03 May, 2014


Directed by Jess Franco 
France-Portugal 1972
Produced by Robert De Nesle
Director of Photography: Raul Artigot
118 m 30s
2.35:1 1920x100p
In French and German
with optional English subtitles
Interview with Jess Franco by David Gregory (16m)
Deleted footage (6m)
2 theatrical trailers

THE DEMONS Blu-ray: Witch burning...
Margaret (Britt Nichols), accused of witchcraft, is burned by Lord Jeffreys...

In 17th Century England Grand Inquisitor Lord Jeffreys (John Foster) tortures, questions and burns women accused of witchcraft. One of the condemned women, an elderly crone, curses the Judge, Lady De Winter (Karin Field), along with Renfield (Alberto Dalbes), from the pyre, vowing that her vengeance will be executed by her daughters, Margaret (Britt Nichols) and Kathleen (Anne Libert), who are both novices in a convent under the authority of a frustrated Mother Superior (Doris Thomas). Lady De Winter and her secret lover Renfield quickly locate the daughters and haul off Kathleen to the Inquisition where she is tortured and seduced with promises of clemency by the corrupt Jeffreys. She eventually escapes with the help of Lord De Winter (Howard Vernon), who is revealed to actually be her father and is secretly plotting against the present government to restore the crown to its rightful owner. But Kathleen's journey has only just begun and numerous revelations spell out an ironic fate for herself, Margaret, and eventually Lord Jeffreys.

LES DEMONS (onscreen title) is one of the better made and more coherent of the films Jess Franco made for French producer Robert De Nesle between 1971 to 1978 (the year of the prolific producer's demise). While still relatively poverty stricken, it appears to have been better resourced than his 1972 Portugal lensed  monster rallies (DRACULA CONTRA FRANKENSTEIN, LA MADICION DE FRANKENSTEIN) also co produced by De Nesle.  Based on a script by Franco, from a "novel" credited to "David Khunne", this is actually a remake of Franco's earlier THE BLOODY JUDGE (EL PROCESO DE LA BRUJAS), a 1970 release with Christopher Lee playing Jeffreys in a totally different interpretation. That film, produced by Harry Alan Towers, may have had a higher budget and somewhat competent battle scenes included, but the cinematography in LES DEMONS, by Raul Artigot (who directed Foster [rn Cihangir Gaffari) in LA NOCHE DE LA BRUJAS the same year) is superior in terms of lighting, atmosphere and framing, although Franco's obsessively telezoom is very much in evidence, especially during the many bump and grind sex sequences.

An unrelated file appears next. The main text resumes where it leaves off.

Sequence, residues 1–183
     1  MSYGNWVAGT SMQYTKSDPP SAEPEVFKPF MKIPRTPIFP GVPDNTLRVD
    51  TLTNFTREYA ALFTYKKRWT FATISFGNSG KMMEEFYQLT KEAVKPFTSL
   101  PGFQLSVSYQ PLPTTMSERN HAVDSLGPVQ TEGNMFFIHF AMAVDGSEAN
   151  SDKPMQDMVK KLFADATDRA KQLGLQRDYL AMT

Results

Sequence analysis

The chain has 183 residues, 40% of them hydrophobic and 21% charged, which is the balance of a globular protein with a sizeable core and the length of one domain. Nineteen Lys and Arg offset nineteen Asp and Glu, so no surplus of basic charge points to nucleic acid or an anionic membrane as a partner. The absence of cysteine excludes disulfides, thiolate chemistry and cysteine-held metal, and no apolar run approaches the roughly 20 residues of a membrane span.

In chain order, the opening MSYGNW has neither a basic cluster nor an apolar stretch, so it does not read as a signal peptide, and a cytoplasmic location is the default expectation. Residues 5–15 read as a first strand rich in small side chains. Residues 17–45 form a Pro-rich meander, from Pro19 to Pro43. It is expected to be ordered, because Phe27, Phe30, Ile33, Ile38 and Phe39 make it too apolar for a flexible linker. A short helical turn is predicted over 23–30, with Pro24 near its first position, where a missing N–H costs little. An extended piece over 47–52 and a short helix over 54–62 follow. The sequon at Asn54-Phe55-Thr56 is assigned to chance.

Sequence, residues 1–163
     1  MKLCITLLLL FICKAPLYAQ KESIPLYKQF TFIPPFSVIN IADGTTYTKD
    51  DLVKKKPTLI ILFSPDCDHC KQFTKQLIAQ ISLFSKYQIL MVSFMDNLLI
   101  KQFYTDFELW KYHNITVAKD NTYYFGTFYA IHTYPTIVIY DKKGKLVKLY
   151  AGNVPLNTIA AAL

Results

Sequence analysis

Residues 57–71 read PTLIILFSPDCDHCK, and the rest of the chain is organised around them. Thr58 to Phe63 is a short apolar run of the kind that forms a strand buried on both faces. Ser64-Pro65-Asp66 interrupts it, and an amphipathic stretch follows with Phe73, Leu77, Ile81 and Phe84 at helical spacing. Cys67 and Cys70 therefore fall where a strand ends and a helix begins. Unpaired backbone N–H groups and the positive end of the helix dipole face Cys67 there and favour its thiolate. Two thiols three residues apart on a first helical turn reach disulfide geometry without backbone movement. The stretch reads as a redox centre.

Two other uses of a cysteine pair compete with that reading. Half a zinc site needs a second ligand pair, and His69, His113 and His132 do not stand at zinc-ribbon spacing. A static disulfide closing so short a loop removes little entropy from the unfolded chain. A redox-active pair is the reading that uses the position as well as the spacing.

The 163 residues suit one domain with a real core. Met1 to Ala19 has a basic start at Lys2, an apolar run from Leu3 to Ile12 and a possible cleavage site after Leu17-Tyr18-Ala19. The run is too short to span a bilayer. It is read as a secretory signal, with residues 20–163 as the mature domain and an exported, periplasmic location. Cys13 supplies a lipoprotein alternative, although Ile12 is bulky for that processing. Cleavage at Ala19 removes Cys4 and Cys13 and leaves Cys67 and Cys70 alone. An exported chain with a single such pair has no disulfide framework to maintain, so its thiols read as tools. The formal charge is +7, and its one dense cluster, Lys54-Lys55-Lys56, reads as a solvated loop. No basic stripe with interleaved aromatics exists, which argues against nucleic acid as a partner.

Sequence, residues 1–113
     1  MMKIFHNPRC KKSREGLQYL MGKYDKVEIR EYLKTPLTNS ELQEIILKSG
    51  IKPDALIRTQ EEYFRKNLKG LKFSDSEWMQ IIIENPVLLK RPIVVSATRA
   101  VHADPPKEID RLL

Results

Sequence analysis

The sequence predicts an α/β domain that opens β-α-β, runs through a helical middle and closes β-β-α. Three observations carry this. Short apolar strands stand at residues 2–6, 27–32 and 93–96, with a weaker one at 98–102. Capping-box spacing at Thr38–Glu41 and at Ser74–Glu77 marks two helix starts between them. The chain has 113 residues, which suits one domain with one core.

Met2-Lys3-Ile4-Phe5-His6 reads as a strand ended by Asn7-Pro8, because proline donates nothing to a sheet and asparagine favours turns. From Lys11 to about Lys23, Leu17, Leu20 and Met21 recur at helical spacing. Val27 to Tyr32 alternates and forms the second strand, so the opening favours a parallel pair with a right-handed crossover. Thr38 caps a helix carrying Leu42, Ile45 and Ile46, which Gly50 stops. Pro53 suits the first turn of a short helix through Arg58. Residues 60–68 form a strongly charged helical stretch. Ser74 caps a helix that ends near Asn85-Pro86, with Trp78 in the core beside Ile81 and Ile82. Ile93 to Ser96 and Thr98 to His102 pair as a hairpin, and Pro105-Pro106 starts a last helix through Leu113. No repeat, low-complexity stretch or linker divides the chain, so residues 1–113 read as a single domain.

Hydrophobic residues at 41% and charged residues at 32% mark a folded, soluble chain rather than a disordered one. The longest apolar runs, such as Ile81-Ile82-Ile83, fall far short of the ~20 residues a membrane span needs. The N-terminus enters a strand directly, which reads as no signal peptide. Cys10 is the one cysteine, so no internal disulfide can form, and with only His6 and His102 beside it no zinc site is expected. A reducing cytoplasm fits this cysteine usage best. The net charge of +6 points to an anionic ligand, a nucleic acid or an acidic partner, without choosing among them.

In this complete version the self pleasuring writhings of Mother Superior (Doris Thomas) go on for over 3 minutes as the telezoom moves in and out of her copious folds of flesh, very much like the probings of the verdant Portuguese exteriors. It somehow seems appropriate within the establishment of a totally voyeuristic aesthetic illustrated by the repeated framing of sadistic tortures (performances) from the point of view of enthused audiences (the Inquisition in the opening scene, the villagers in the closing burning of Nichols).

Point of view is everything in cinema, especially the cinema of Jess Franco, and he often places his camera amidst the onscreen viewers of the sado erotic spectacle as a way of subversively implicating/deconstructing the off screen viewer's appetite for such tortures. That may seem a stretch but even the critical Phil Hardy Horror Encyclopedia compares Franco's approach here favorably to Ken Russell's in his equally sadistic 1971 nunsploitation epic, THE DEVILS, which, as admitted by the director in the interview with David Gregory, was  the direct inspiration for this project. Both films exclusively deal with sexually inflamed clerics in the midst of a historical context of witch hunting and official corruption and both have their merits and demerits.The point of interest is that the accused and accusers in both films are related to religion, the catch being that the Inquisitors often sport political ambitions and agendas. One could expand this in the case of LES DEMONS ( and Franco indicates this in the interview) into an allegory of the situation in Spain under the yoke of Francisco Franco at the time the film was made. Religious hypocrisy in his homeland was a running theme in the life and career of Jess Franco.